Answers FAQ

Meningitis FAQs

Reviewed by Jerry Balentine, DO, FACEP

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Q:Meningitis refers to inflammation of the brain. True or False?

A:False. The term encephalitis refers to an inflammation of the brain.

Meningitis is an inflammation of the membranes (called meninges) that surround the brain and spinal cord.

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Q:Is meningitis contagious?

A:Yes, some forms of bacterial meningitis are especially contagious.

The bacteria are spread through the exchange of respiratory and throat secretions (such as coughing, for example).

Bacterial meningitis caused by the bacteria Neisseria meningitidis (also called meningococcal meningitis) is the most important example. People in the same household, dormitory, daycare center, or anyone with direct contact with a patient's oral secretions would be considered at increased risk of acquiring the infection.

People who qualify as close contacts of a person with meningitis caused by N. meningitidis, including a healthcare professional involved in close contact with a patient, should be considered for antibiotic prophylaxis — taking antibiotics to prevent someone from getting the disease.

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Q:Do people die from bacterial meningitis?

A:Yes, people do (can) die from bacterial meningitis.

Bacterial meningitis is the most serious form of meningitis. The disease occurs in about 3,000-5,000 people in the United States every year.

Meningitis is usually caused by one of a number of bacteria. The most common is Streptococcus pneumoniae. Neisseria meningitidis can cause outbreaks in crowded conditions, such as college dormitories or military barracks. Haemophilus influenzae type B (Hib) can also cause meningitis in adults and children, but it is becoming less common because children now receive the Hib vaccine in infancy.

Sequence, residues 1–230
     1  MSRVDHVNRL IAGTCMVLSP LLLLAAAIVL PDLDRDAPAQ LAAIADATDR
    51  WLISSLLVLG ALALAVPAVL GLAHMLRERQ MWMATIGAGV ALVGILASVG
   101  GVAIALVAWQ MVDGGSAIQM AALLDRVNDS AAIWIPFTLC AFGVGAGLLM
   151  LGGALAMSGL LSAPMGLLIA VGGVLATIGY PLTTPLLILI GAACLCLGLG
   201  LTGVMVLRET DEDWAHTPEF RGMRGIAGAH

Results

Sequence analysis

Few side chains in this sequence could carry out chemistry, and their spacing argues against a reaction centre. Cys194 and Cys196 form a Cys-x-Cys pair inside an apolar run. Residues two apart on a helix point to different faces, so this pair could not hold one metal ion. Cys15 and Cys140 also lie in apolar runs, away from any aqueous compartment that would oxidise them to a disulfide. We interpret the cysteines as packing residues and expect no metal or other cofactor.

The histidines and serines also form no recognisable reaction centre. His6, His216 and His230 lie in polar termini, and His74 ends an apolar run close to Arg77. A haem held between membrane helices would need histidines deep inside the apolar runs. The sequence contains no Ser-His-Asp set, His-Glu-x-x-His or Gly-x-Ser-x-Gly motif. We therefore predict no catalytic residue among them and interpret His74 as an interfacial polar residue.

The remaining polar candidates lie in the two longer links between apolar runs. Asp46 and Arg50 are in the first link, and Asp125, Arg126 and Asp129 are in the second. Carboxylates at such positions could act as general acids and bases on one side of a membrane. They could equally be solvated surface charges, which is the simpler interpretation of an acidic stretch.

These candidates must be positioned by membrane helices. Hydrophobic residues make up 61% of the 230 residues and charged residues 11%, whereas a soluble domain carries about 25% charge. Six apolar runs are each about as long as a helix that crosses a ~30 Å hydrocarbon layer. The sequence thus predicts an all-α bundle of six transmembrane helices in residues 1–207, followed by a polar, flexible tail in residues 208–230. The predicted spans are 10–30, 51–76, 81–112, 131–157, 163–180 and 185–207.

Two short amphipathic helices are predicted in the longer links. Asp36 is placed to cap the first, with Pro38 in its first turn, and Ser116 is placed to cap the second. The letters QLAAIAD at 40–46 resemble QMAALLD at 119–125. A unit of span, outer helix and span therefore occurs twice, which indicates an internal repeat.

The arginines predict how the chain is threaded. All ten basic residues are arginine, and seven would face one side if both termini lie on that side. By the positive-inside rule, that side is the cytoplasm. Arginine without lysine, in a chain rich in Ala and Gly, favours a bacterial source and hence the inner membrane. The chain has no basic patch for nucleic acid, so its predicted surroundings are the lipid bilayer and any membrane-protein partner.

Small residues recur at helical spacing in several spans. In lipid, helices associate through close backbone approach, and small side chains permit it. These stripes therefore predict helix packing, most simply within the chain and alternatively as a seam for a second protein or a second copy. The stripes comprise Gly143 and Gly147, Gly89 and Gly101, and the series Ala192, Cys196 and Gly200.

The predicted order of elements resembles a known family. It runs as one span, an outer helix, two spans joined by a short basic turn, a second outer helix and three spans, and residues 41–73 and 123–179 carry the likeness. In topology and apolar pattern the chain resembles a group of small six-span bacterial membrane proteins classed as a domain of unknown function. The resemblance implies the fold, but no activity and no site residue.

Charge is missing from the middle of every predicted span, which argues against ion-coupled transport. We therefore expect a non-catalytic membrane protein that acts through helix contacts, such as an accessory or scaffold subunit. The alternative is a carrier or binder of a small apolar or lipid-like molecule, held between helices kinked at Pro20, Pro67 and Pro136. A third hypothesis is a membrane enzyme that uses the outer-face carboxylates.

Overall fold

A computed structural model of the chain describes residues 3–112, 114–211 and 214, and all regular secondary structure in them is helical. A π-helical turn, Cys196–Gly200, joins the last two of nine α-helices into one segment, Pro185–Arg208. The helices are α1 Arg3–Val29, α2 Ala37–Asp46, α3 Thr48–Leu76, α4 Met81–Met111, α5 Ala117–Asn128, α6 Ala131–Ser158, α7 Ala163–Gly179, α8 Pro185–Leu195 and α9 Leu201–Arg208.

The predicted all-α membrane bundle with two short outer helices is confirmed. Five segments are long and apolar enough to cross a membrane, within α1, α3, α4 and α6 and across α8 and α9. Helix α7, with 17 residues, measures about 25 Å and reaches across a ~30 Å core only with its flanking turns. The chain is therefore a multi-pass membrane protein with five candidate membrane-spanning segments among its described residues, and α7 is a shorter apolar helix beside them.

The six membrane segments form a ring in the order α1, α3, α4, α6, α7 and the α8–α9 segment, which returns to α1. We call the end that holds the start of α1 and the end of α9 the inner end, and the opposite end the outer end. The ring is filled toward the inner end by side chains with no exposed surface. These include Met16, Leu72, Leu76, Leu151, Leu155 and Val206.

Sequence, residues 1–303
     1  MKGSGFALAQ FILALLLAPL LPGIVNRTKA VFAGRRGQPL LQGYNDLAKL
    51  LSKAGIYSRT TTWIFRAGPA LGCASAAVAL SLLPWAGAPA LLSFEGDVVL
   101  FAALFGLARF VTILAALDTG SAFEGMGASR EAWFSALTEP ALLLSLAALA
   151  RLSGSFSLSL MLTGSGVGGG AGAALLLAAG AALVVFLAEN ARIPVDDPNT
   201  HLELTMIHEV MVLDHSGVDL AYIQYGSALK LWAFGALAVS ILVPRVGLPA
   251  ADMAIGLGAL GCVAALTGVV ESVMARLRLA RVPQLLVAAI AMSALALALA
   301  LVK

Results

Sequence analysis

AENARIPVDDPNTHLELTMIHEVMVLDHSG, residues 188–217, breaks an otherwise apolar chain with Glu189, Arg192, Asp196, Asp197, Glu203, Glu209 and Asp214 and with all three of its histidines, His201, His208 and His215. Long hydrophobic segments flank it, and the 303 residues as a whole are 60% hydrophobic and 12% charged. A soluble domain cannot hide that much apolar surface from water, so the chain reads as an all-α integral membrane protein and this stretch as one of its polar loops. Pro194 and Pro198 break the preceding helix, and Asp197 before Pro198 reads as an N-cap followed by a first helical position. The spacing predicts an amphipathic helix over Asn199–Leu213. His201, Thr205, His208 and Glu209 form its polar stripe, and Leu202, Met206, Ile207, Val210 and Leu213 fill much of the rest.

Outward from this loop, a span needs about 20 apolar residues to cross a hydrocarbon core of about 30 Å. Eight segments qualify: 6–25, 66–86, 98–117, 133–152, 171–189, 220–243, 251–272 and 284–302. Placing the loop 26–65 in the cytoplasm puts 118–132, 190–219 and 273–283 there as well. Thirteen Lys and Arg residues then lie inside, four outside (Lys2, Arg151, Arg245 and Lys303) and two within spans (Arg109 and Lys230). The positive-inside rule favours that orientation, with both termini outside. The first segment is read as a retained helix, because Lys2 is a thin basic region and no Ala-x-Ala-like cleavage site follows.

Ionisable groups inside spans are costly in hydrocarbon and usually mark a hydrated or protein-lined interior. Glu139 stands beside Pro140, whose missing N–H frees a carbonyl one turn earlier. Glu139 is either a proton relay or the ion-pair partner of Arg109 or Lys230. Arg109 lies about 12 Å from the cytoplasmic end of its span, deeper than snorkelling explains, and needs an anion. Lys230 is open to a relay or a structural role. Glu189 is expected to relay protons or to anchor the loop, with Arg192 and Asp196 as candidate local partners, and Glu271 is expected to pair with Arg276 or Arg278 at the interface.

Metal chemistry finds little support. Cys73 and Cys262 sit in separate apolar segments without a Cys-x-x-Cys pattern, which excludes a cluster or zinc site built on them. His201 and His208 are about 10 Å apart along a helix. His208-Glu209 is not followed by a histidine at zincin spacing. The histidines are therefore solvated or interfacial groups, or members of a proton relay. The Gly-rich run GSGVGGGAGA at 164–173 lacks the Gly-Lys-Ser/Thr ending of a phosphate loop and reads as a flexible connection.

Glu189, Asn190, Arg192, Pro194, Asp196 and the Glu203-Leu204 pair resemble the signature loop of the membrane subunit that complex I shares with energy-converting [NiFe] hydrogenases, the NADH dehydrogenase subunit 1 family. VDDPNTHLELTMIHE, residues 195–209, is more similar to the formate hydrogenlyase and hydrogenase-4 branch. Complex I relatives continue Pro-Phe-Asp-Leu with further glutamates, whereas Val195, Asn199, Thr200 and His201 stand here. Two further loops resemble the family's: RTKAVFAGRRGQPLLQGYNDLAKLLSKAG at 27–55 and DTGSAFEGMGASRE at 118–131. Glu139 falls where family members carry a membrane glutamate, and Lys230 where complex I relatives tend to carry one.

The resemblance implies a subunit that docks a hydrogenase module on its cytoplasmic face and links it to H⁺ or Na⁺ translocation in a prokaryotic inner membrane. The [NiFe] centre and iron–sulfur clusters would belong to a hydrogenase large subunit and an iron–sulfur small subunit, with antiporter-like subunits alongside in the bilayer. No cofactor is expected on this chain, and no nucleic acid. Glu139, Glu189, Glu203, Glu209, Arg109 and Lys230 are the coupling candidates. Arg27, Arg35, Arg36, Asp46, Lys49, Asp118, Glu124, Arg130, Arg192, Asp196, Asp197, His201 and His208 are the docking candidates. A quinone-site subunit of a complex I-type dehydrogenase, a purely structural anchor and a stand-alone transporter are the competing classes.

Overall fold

Approximately 10%-25% of the time, even with treatment, bacterial meningitis can be fatal. If bacterial meningitis progresses rapidly, in 24 hours or less, death may occur in more than half of those who develop it, even with proper medical treatment.

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Q:Alcoholism is a risk factor for bacterial meningitis. True or False?

A:True. Alcoholism is a risk factor for contracting meningitis.

This is because excess alcohol consumption may lead to immune deficiency, causing increased susceptibility to certain diseases like bacterial meningitis. Additional risk factors for bacterial meningitis include the following:
- Adults older than 60 years of age
- Children younger than 5 years of age
- People with sickle cell anemia
- People with cancer, especially those receiving chemotherapy
- People who have received transplants and are taking drugs that suppress the immune system
- People with diabetes
- Those recently exposed to meningitis at home
- People living in close quarters (military barracks, dormitories)
- IV drug users
- People with shunts in place for hydrocephalus

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Q:What are classic symptoms of meningitis?

A:The classic symptoms of meningitis are fever, headache, and a stiff neck.

Not everyone with meningitis has all of these symptoms. Only approximately 45% of people with meningitis have all 3 of these classic signs. Almost everyone, however, has at least 1 of the classic symptoms.